Tag Archives: writing craft

How Embracing Pain Can Prevent Jerkitude

I’m special. I know you’re wondering how I know. But I’ve always known, crazy as that sounds.

In fact, I suspect most people who haven’t experienced big, deep pain probably agree with this. And anyone who has experienced a massive life event that brought them deep pain, they’ll probably confirm it:

Not suffering pain makes you special. Since life inevitably brings giant hardships, having so far somehow escaped proves I’m special. All the myriad pains life could have brought, and maybe should have brought, I’ve managed to sidestep. That obviously makes me fortunate, right?

Or maybe it makes me pitiably common.

Having never experienced great pain, I often think I shouldn’t have to. I think I can avoid it through planning, cunning, skill, and plain inborn specialness–in other words, luck. And at least until something painful enough happens, I’m likely to go on believing in my good fortune and being special.

And like most who’ve been spared, I believe a bunch of crazy things about why. One of my favorite, almost sacred beliefs is that my life should continue this way and progress without much struggle, effort, or especially pain. The longer I go without it, the scarier it becomes, and it embarrasses me to admit this, but I don’t necessarily believe it because I think it’s true, but because I don’t want to admit that it’s false.

Oh, but I know pain is coming whether I accept it or not….

After my freshman year of high-school, I went for a run one summer’s day. Remembering what the football coaches called “hell week” was coming up, I thought I’d try to get in shape. I hoped taking a few weeks to work up to the physical demands would help me avoid some of the hellishness I’d endured last season.

Somewhere around the third week of training, I rounded the corner where I usually turned up the juice to sprint for home, and there was nothing in the tank. I’d increased the distance little by little, but today my noodly legs burned and I was drowning.

If I slowed, I’d never make my goal. I could try again tomorrow, but I only had so many days left, and I’d missed several already. I hadn’t pushed like I should have. I’d never get this chance back, but as my momentum began slowing, I hit the mental wall.

The combo of physical exhaustion and the psychological exertion amplified it into something I’d never felt. That stab of new awareness remains with me to this day, awakening and clearing off everything but the flash of inspiration:

Embracing this level of pain is what everything most worth having in life will require. This is what commitment means.

I have no idea why it broke through my foggy stupor in that moment, or why it was so indelible. And unfortunately, it was a mere blip in my well-ingrained system of pain-avoidance and denial. It’d be several years before I realized rejecting this wisdom was the source of every jerk. But I’ve never regretted experiencing it when life has brought a new, exquisite anguish my way.

I’ve read countless stories of people fighting back after accidents, a fire, a child’s death. Such disasters convince me it’s no big loss I can’t run anymore. My feet can’t take running, but I still push myself to face the discipline it takes to grow. I know every great advance of civilization has required great pain. Why should my life be any different?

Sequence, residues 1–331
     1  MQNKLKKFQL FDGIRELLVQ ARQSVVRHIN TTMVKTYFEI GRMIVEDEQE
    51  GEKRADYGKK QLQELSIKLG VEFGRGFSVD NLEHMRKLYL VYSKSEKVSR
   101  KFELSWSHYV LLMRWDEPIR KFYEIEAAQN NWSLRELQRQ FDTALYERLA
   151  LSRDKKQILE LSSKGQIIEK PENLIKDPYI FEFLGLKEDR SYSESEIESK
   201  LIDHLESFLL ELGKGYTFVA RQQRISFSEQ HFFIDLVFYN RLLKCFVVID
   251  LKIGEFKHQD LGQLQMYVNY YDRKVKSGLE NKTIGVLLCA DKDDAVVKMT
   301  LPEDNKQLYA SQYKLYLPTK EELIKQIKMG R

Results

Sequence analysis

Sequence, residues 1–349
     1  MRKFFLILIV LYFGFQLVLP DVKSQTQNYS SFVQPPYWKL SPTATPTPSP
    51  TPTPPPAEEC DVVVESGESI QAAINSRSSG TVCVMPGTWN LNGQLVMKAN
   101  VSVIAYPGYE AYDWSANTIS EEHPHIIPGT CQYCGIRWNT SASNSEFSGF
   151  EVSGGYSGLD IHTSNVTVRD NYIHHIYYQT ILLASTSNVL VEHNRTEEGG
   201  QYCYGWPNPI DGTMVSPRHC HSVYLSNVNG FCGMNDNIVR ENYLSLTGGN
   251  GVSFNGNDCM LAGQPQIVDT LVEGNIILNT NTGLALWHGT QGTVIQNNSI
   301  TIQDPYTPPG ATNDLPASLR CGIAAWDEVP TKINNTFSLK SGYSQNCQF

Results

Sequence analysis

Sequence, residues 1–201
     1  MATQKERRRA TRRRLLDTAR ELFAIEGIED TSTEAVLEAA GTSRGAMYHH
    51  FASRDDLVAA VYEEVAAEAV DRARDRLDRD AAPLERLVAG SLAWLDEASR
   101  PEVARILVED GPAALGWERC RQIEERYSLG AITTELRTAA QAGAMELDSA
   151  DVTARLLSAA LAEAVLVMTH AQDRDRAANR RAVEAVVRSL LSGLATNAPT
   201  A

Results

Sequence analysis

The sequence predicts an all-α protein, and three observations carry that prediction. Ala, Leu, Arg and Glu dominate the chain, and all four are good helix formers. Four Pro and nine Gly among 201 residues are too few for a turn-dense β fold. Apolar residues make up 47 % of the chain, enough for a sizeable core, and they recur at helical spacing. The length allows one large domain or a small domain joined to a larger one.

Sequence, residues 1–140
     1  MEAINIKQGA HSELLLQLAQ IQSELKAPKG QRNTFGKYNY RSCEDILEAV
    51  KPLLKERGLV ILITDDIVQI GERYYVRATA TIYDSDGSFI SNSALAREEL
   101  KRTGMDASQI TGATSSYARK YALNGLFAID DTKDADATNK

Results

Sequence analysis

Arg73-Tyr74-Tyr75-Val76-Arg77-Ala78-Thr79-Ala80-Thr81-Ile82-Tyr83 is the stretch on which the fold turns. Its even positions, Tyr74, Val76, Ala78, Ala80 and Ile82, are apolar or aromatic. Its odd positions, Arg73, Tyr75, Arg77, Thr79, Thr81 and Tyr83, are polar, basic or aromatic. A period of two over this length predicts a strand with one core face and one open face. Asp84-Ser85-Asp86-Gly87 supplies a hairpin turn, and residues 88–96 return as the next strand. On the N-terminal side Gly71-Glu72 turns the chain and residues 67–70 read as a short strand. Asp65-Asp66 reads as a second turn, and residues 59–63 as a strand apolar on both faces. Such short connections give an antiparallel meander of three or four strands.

But part of me still believes wholeheartedly it should be, because I’m special. And if only everyone could be spared like I have, well, life would be one big 1980s party all the time, just like it’s supposed to be.

Obviously, this dangerous, unexamined belief can’t continue. It has already caused me untold problems. If I took but a moment to notice the fatigue of fighting not to see it, I’d realize this.

Am I truly unaware of how damaging it is? Is there a better definition of a jerk than one who believes he’s escaped pain because of his specialness?

If I could only see all the extra pain this false “specialness” causes–to myself and others. If I could see all the missed, prevented growth because of this evil belief. …

“It is only in the heat of pain and suffering, both mental and physical, that real human character is forged. One does not develop courage without facing danger, patience without trials, wisdom without heart-and brain-racking puzzles, endurance without suffering, or temperance and honesty without temptations. These are the very things we treasure most about people. Ask yourself if you would be willing to be devoid of all these virtues. If your answer is no, then don’t scorn the means of obtaining them.” – Dallas Willard,  The Allure of Gentleness

Do I habitually scorn pain? I may like to sound borderline masochist, but I shun just about every type of suffering, which ultimately only causes more. Is this one reason I seek out safe, imagined pain in stories and entertainment–because choosing purposeful pain is what I need most?

Maybe, in this culture of shallow pursuits and unrelenting selfishness, some people need stories to remind them of the need to choose purposeful pain? Should it be any wonder so many apathetic, depressed, and medicated people suffer for the lack of meaningful pain, the kind that brings growth and must be chosen?

“All we need to do is make an honest and thorough effort to discover what is right and wrong, good and bad, and, when we are convinced on these points, then simply go out and face life for what it is worth.” (Allure of Gentleness)

Why would I think I can escape this difficult fact of life? Should I try to write, live, or do anything without realizing my greatest task is first to understand what every hero must accept about this life and this impulse to flee all pain?

The plain fact is, the pain isn’t the problem so often as running from it is.